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Death Is Cheap

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"Rad, a new game!"

Fix-It Felix Jr., pacing the walkway in front of Niceland Apartments, stopped and looked up through the screen at the face of the kid who had stopped in front of the Fix-It Felix Jr. console to watch the idle animation. "I think this is it," he said to himself. Then the kid reached into a pocket.

"This is it!" called Felix aloud. "Our first player, people! Everybody remembers the program? Are we ready?"

"Ready, Felix!" called the Nicelanders from their windows.

"Ready, Ralph?"

Wreck-It Ralph gave a gigantic thumbs-up.

The quarter hit home, the Quarter Alert sign went on, and the feed from the game world to the player went live.

"I'm gonna wreck it!" Ralph proclaimed. He smashed the windows of the first three floors and proceeded to the fifth floor, where he prepared to dislodge more bricks.

"Fix it, Felix!" cried the Nicelanders.

And that was Felix's cue. He held up his golden hammer. "I can fix it!" he said, and hopped to the lower left windowsill to await the player's input. The player pushed at the joystick, and the game was on. Fix. Right. Hop. Fix.

He hadn't fixed six windows before the first brick dropped on his head. The impact jarred his vision and knocked him off the windowsill, and then he was falling three stories. His stomach turned as he flipped over in the air. The bushes below rushed up to meet him, and he flinched--and then he was standing again on the same windowsill he had just fallen from. Of course. He had lost his first life, that was all. He could feel his body blinking in and out; a moment of invincibility to recover from the hit. Good thing, because his knees felt like jelly. Keep it together, Fix-It, he told himself. Just follow the controls. Left. Fix. Hop. Right. Fix.

The player made it to the next level, and then Felix was promptly hit by another brick--which meant a harrowing glimpse of a seven-story fall before he blinked back onto the windowsill. And then on the next level, the player tried to avoid a brick by maneuvering Felix into an open shutter. Felix was trapped, and the brick hit home.

And this time it was different. Instead of falling, Felix went stiff, jerked in the air, and then collapsed supine on the windowsill. He could feel his heart stop, and he was impossibly cold, and he was suddenly holding--was it a lily? Hadn't there been lilies at his father's funeral? And then he couldn't remember, because memory stopped. Thought stopped. This wasn't a blink like the trip from the fall back to the windowsill--it was a gap, a distinct and overwhelming sensation of nothingness.

GAME OVER flashed across the screen and the live feed to the console ended. Felix was standing on the lawn again, perspiring heavily. "Jiminy-jaminy," he breathed. "I was dead."

"This game bites," said the kid outside. Felix should have felt indignant at that, but the indignation wasn't enough to cut through the relief when the kid walked away instead of inserting another quarter. He slumped on the building steps with his head in his hands.

Ralph climbed down the building, ready to start from the ground again in the next round. "Oh, man, that was fun!" he exclaimed. "That was some pretty good wrecking, if I do say so myself." He turned to Felix. "What do you think, did I do okay?" Then: "Hey, are you okay? I can cool it a little with the bricks if you need me to."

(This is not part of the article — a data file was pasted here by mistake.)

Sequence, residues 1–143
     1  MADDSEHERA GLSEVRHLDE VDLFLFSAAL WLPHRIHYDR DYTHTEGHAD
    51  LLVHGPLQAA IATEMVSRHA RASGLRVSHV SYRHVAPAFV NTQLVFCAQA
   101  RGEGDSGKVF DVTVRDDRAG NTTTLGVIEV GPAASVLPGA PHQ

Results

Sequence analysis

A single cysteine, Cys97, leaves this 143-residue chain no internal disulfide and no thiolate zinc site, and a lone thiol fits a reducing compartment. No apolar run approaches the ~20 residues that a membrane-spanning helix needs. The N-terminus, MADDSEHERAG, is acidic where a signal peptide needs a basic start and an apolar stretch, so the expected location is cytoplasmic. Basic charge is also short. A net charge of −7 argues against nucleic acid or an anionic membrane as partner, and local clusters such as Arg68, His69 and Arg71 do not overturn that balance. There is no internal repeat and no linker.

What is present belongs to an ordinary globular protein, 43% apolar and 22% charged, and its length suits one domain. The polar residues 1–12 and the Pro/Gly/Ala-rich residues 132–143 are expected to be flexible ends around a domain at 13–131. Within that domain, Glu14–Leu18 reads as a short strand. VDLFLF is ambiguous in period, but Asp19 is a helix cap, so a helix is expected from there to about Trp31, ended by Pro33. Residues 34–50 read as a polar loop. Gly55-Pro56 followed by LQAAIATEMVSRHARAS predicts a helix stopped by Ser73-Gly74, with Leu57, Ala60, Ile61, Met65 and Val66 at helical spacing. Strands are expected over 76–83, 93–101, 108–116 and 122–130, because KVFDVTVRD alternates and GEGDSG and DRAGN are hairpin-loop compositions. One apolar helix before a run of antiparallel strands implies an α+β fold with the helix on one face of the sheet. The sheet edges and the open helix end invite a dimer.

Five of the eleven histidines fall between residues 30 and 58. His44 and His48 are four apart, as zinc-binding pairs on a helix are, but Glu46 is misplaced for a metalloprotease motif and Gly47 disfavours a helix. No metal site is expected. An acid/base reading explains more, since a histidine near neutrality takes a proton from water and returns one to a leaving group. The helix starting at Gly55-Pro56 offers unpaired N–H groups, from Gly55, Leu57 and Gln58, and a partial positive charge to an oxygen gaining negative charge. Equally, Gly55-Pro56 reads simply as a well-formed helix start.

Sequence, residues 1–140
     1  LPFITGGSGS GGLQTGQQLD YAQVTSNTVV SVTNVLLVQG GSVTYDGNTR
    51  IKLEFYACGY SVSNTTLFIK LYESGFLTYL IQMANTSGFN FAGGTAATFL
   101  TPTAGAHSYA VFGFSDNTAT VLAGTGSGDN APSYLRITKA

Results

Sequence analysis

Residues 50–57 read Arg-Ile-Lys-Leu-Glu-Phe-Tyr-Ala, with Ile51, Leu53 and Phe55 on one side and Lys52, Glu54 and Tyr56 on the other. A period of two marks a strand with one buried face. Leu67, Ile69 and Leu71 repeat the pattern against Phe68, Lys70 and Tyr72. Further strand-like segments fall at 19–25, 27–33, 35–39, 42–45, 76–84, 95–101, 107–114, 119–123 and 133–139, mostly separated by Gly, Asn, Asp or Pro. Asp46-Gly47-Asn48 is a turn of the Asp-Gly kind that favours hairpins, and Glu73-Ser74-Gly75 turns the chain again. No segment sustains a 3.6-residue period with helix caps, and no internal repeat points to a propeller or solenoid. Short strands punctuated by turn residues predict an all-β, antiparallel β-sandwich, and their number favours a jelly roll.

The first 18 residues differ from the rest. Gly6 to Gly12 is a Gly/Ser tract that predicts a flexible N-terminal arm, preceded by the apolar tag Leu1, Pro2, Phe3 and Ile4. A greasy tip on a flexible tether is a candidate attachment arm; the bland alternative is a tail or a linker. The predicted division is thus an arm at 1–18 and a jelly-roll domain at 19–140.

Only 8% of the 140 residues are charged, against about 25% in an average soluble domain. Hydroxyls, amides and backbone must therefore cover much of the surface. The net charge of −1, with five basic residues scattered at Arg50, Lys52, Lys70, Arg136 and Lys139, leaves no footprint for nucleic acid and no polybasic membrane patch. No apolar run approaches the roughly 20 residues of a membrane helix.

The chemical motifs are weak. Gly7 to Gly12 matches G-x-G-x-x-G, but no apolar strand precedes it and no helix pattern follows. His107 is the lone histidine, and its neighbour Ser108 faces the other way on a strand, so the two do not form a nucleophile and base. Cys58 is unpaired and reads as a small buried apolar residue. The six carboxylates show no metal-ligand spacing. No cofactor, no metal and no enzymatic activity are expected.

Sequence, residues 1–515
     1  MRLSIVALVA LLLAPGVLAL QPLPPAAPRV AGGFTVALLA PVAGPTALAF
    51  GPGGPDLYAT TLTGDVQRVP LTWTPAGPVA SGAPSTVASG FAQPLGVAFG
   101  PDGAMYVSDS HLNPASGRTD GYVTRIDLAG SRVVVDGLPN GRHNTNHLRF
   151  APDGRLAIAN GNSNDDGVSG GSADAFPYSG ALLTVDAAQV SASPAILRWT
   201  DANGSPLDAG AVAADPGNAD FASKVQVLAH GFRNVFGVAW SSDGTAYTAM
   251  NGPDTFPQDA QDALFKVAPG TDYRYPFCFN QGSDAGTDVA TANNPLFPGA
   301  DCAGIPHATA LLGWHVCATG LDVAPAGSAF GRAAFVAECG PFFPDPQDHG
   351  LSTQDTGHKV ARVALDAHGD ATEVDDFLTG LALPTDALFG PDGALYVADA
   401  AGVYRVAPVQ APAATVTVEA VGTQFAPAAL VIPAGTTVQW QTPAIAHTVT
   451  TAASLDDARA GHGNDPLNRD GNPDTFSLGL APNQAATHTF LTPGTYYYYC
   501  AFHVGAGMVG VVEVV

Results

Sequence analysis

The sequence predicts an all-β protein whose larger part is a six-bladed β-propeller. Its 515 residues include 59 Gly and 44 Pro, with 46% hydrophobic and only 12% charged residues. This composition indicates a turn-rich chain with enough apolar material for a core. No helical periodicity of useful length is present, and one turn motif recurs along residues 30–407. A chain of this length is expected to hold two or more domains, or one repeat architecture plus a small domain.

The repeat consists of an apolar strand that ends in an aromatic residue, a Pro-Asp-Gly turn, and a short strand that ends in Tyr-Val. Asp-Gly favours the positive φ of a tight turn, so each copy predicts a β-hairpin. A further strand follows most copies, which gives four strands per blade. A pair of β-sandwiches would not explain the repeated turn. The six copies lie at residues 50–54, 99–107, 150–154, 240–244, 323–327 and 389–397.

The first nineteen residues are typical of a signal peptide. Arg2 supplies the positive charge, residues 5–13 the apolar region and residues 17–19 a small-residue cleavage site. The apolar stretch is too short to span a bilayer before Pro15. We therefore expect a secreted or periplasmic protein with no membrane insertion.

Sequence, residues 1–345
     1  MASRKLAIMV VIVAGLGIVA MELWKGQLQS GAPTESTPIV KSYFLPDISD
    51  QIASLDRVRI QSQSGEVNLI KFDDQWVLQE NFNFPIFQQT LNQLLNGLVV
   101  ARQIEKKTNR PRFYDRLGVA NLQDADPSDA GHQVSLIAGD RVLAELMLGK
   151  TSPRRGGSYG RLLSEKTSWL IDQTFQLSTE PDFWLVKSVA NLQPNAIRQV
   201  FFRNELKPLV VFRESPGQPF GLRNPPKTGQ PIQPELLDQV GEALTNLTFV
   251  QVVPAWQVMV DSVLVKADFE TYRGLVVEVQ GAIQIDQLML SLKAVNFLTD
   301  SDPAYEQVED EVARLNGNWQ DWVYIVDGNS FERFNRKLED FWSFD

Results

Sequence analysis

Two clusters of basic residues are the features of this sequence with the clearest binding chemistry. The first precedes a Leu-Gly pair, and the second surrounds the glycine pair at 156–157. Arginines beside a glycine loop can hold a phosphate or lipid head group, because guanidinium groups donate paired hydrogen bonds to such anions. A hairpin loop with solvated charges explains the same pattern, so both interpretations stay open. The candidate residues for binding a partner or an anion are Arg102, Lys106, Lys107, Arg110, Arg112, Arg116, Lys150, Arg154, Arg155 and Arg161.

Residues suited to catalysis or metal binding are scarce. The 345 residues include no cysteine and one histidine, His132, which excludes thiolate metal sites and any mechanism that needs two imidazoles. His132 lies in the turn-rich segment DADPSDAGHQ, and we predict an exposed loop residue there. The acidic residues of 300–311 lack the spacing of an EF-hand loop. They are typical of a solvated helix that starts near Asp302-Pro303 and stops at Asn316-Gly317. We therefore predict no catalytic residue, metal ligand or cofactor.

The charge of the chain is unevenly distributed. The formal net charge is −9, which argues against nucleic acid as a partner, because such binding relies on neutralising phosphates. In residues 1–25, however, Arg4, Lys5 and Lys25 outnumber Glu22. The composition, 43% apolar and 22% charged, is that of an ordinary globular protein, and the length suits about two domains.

Felix immediately sat upright. "You're doing swell," he said. "Keep it up. Just like that."

The rest of the day went more or less the same. Felix lost all three lives in every game. The only variant was that he was occasionally knocked down by ducks instead of bricks. Every time he fell it was the same rush, and every time he died it was the same cold nothingness.

Finally he rematerialized on the lawn again to find it dark outside. The arcade was closed. "Good job, everyone!" he called to the Nicelanders. As the hero of the game, it seemed like his job to promote the general morale. "Good first day."

Mary came out of the building. "Felix, would you like some more pie? We've got extras from today."

"Oh--thanks, Mary, but I've got a previous engagement. Pac-Man sent me an invitation to a little get-together with some of the other good guys. Sort of a meet-and-greet type of thing, I think. Say, why don't you ask Ralph instead? I bet he'd like some pie."

"Ralph?" Mary looked shocked. "But he spent all day destroying my home."

"Aw, Mary, I'm sure Ralph's not a bad person. Wrecking things is just his job, you know."

"Hmm." Mary didn't look convinced.

"Oh, I should go. Don't want to keep Pac-Man waiting." And Felix headed for the train station. The conversation about Ralph could wait. He could always argue it with the Nicelanders later if it really started to become an issue.


According to the invitation, the party was in a game called Q*Bert. After some confusion in Game Central Station, Felix finally arrived in Q*Bert, and found himself on steep uphill terrain made up of cubes with different colors on their faces. He hopped up the cubes away from the train station, wondering where precisely he was supposed to be. He followed the sound of voices and came upon a flat area with cubes of varying sizes stacked around. Six characters sat on cubes and were engaged in conversation--two tall men and two shorter men, a small orange creature, and a yellow circle about a head shorter than Felix.

Felix cleared his throat. The yellow circle turned to greet him, revealing a dark eye and a wedge of a mouth. "Well, look who's here! Felix, right?"

"Hi there. You must be Pac-Man." Felix checked the impulse to shake hands. He wondered how Pac-Man was holding that Manhattan, but it seemed impolite to ask.